Njideka Akunyili Crosby, *Obodo (Country/City/Town/Ancestral Village)*, 2018.
Photo: Elon Schoenholz; Courtesy of the artist, The Museum of Contemporary Art, Los Angeles, and Victoria Miro, London/Venice.

Klaus Biesenbach

The new director of MOCA in L.A. is known for bringing underrepresented voices to center stage
Klaus Biesenbach. Photo: Sasha Arutyunova

Over the past two decades, Klaus Biesenbach has become known for bringing underrepresented voices to center stage, most notably as chief curator at large at MoMA, where he raised the recognition of performance art (see the showstopping 2010 exhibition he organized, “Marina Abramovic: The Artist Is Present”), or as director of the museum’s edgy Queens offshoot, MoMA PS1, where he staged groundbreaking solo shows by emerging talents such as Ryan Trecartin and Chinese contemporary artist Cao Fei. Now he’s bringing that savvy to his new role as director of MOCA in L.A.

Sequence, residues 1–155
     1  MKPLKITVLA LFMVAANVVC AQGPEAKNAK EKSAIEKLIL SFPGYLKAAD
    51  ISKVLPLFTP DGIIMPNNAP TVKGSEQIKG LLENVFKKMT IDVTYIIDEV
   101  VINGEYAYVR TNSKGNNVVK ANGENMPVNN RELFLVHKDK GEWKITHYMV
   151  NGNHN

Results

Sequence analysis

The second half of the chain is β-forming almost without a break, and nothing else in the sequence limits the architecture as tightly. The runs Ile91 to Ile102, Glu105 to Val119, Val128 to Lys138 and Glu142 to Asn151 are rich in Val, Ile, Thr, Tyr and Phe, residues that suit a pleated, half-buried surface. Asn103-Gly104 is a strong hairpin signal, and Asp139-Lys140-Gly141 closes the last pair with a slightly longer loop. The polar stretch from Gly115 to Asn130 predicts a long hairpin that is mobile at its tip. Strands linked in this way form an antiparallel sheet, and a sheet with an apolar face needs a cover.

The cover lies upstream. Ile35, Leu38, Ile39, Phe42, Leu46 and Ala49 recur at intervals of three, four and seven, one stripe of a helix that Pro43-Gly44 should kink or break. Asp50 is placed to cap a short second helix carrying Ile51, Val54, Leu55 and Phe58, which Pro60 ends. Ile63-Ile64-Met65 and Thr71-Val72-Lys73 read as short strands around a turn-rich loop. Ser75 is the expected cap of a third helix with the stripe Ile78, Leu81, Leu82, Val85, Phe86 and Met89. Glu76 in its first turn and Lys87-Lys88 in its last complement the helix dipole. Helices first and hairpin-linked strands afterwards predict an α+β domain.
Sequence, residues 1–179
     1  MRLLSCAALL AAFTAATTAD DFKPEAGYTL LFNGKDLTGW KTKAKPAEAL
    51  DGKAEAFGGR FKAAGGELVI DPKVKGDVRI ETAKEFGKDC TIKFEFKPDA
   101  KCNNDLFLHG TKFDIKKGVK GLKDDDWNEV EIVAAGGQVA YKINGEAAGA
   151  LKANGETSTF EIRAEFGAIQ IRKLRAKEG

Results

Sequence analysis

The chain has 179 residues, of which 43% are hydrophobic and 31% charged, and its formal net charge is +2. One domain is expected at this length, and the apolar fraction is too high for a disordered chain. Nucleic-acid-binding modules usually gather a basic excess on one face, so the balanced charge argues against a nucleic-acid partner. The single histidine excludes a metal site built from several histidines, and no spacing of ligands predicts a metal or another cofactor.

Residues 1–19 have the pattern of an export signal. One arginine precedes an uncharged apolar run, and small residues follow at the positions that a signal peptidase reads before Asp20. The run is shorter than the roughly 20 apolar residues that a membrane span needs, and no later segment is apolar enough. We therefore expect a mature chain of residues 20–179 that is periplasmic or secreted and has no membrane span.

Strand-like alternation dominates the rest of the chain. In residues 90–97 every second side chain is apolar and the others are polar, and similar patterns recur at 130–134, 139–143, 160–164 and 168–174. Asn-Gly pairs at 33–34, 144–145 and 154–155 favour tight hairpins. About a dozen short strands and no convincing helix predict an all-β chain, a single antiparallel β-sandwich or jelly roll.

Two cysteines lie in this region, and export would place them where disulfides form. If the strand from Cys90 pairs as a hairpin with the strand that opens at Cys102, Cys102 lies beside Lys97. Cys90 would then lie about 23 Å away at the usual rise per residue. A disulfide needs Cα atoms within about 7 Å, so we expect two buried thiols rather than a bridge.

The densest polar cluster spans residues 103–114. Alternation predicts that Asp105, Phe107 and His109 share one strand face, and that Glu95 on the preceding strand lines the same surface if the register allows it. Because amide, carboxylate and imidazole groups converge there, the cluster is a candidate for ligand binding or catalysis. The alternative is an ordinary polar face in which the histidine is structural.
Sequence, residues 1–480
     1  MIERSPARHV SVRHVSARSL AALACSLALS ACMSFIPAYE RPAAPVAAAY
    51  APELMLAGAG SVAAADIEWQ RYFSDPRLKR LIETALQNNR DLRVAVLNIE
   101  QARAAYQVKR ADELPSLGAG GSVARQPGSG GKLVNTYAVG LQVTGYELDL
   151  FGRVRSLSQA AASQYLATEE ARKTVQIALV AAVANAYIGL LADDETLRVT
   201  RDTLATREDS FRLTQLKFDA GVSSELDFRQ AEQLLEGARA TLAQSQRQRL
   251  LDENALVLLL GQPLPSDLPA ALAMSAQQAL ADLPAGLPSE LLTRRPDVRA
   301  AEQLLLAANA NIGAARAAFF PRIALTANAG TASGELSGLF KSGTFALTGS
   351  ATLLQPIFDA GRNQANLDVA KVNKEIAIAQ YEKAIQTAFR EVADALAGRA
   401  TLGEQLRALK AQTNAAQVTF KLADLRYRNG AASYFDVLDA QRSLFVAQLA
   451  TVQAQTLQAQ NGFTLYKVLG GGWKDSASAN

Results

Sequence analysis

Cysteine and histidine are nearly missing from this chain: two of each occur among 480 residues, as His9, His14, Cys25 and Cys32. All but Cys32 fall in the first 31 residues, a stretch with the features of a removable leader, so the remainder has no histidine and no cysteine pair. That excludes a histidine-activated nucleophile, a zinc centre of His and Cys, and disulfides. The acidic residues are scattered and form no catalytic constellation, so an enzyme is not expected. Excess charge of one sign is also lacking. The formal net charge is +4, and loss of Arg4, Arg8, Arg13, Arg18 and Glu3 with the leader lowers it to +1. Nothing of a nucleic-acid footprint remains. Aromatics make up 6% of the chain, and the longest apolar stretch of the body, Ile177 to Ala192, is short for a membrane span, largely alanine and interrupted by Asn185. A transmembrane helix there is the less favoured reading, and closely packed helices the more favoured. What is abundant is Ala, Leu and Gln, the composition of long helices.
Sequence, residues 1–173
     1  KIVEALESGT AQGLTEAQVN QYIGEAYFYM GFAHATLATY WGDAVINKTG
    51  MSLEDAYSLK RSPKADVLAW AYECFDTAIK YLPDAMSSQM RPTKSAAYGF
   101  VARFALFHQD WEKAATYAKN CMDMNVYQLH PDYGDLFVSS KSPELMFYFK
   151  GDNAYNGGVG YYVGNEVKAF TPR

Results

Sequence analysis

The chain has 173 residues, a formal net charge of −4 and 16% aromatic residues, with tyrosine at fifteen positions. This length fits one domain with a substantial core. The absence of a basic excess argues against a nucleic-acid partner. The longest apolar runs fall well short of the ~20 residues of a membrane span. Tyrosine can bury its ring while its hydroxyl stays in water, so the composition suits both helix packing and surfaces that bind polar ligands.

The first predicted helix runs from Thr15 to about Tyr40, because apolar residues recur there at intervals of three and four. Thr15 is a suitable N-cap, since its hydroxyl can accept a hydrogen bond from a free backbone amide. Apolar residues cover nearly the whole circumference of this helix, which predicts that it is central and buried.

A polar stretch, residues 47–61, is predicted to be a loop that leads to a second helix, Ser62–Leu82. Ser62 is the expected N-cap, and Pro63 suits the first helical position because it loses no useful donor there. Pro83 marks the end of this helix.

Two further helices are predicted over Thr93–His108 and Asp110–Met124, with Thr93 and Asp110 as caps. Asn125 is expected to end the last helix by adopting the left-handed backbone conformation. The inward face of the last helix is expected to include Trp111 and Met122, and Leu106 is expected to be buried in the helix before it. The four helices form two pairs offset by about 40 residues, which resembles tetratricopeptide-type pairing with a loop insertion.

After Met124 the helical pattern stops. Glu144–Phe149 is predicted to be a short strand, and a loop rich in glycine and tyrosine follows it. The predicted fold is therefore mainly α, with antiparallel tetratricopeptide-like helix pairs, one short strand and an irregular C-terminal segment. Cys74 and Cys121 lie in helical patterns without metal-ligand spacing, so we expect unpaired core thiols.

Just weeks after he took the helm in October 2018, the museum announced new board members, including K11 Art Foundation founder Adrian Cheng, Sean Parker, and Julia Stoschek, the buzzy German art patron who has amassed the most important collection of time-based art in the world. Biesenbach is clearly on his way to ensuring that MOCA better reflects the city’s diverse communities.

A version of this article first appeared in print in our 2019 Spring Issue under the headline Creative Minds. Subscribe to the magazine.

Barbara Kruger, Untitled (Questions), 1990/2018, is on view through November 2020 at The Geffen Contemporary at MOCA. Photo: Elon Schoenholz

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